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legislature looks to the common law, i.e., court decisions, to define many serious offenses for which it provides punishment. The Act of 1860, supra, is as specific as any statute can be concerning the right of the jury to dispose of costs in a misdemeanor case, the manner in which the jury may divide the costs and the parties upon whom it may impose the costs. Of course, costs of a trial cannot be imposed upon a defendant for conduct not related to the prosecution, nor for conduct concerning which there is no relevant evidence before the jury. The imposition of costs other than upon the county must be based upon conduct by either the prosecutor or the defendant or both which is related to the case. It is not necessary, indeed it would be impossible, for the legislature to detail all the circumstances and conditions under which the jury should or should not impose the costs upon the parties. The legislature need not set forth with the same particularity the circumstances under which a jury, under the control of the court, may exercise the power given to it, as it must set forth the area within which a governmental board or commission must act. Nester Appeal, supra, 187 Pa. Superior Ct. 313, 320, 144 A.2d 623 (1958).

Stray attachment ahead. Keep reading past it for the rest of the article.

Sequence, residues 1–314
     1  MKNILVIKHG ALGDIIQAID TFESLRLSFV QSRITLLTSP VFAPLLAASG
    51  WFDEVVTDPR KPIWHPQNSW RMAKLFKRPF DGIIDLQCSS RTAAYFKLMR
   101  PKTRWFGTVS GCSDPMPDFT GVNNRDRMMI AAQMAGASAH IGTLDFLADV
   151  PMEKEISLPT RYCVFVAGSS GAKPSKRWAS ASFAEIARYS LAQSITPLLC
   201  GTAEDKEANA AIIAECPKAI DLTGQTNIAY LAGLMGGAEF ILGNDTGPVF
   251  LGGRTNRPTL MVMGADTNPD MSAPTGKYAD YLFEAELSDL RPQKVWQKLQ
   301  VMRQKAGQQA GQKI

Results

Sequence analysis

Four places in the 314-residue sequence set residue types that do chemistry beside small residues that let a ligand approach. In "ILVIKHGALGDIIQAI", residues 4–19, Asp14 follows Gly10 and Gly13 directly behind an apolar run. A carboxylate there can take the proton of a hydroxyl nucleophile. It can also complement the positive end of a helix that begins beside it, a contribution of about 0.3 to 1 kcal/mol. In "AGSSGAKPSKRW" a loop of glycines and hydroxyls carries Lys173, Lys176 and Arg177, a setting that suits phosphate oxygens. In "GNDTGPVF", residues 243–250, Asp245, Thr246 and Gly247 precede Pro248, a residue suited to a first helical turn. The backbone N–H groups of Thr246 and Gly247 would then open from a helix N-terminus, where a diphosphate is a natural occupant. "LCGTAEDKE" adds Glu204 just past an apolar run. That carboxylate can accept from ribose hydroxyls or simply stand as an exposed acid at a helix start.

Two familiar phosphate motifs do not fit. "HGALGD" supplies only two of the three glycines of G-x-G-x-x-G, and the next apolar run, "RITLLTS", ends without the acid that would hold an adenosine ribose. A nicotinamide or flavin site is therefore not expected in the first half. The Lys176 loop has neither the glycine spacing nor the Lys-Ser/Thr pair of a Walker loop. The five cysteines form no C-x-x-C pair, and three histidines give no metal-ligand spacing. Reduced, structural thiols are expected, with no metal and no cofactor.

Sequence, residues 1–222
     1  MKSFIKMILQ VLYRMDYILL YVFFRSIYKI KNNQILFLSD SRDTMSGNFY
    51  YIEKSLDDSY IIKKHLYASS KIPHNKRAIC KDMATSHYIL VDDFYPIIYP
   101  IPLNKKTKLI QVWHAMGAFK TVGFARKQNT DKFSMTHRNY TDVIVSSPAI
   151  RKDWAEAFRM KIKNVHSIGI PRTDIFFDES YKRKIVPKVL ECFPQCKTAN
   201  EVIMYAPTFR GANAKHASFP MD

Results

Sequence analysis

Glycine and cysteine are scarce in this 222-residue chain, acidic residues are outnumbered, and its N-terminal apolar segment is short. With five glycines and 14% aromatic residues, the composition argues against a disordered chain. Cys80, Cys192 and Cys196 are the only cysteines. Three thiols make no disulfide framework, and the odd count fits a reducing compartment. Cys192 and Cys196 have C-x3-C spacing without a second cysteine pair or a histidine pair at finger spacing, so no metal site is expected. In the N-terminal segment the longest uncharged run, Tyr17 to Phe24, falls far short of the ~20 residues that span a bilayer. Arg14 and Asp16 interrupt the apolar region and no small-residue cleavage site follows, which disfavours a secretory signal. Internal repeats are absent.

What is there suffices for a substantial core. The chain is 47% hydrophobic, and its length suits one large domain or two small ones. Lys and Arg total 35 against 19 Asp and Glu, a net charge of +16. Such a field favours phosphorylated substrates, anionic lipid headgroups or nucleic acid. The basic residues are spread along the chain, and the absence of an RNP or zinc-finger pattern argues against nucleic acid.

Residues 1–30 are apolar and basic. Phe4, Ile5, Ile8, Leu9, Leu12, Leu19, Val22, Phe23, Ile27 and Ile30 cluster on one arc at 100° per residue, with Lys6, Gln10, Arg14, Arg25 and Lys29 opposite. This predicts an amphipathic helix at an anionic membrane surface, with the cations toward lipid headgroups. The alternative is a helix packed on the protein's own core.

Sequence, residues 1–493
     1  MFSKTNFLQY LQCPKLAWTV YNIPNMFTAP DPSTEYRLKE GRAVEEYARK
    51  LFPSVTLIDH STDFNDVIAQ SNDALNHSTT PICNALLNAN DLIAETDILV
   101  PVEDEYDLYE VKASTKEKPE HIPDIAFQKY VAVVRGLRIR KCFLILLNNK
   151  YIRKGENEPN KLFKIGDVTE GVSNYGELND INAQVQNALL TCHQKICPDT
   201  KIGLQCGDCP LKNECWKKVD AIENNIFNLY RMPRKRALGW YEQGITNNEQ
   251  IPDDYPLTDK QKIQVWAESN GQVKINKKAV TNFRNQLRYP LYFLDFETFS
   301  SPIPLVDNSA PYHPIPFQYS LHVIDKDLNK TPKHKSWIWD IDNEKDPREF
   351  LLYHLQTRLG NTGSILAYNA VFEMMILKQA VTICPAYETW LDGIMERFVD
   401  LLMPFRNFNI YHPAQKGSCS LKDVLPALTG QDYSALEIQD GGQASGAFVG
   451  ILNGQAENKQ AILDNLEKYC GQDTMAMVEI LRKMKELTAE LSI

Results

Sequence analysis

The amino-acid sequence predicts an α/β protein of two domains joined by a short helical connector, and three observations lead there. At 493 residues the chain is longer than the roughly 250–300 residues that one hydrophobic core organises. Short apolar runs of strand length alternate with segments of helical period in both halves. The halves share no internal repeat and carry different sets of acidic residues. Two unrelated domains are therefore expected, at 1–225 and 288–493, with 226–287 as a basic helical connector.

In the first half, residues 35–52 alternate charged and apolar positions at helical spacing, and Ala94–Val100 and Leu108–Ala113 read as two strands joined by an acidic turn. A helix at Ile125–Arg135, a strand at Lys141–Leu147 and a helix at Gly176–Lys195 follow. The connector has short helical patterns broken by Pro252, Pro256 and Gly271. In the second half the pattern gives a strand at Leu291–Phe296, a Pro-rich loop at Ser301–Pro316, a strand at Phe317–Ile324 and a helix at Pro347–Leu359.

The statute itself does not produce unconstitutional unfairness. Should the verdict in a particular case be arbitrary or should there be a gross abuse of discretion in the imposition of the costs upon either the prosecutor or the defendant, the court has the power to relieve the party from such arbitrary or unjust verdict. Commonwealth v. Cohen, supra, 102 Pa. Superior Ct. 397, 401, 157 A. 32 (1931); Dunn Appeal, 191 Pa. Superior Ct. 346, 349, 156 A.2d 349 (1959). The public is frequently put to the cost of trying a defendant be cause of reprehensible conduct by him. When the jury is warranted by the evidence and authorized by the legislature to collect these costs from such defendants
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there is no reason why the will of the legislature and the jury should be set aside when it is not arbitrary or unwarranted under the evidence.
Those who think it is inconsistent and basically unfair to place the costs upon acquitted defendants insist upon cataloguing all conduct as either wholly right or wholly wrong. But most human conduct does not fit into these absolutes. Any effort to show life in black and white, without gray, fails to accurately portray the truth. Judges, jurors, and legislators for over a century and a half have recognized the "substantial justice" of this provision for the simple reason that in practice it produces results that are fair and just.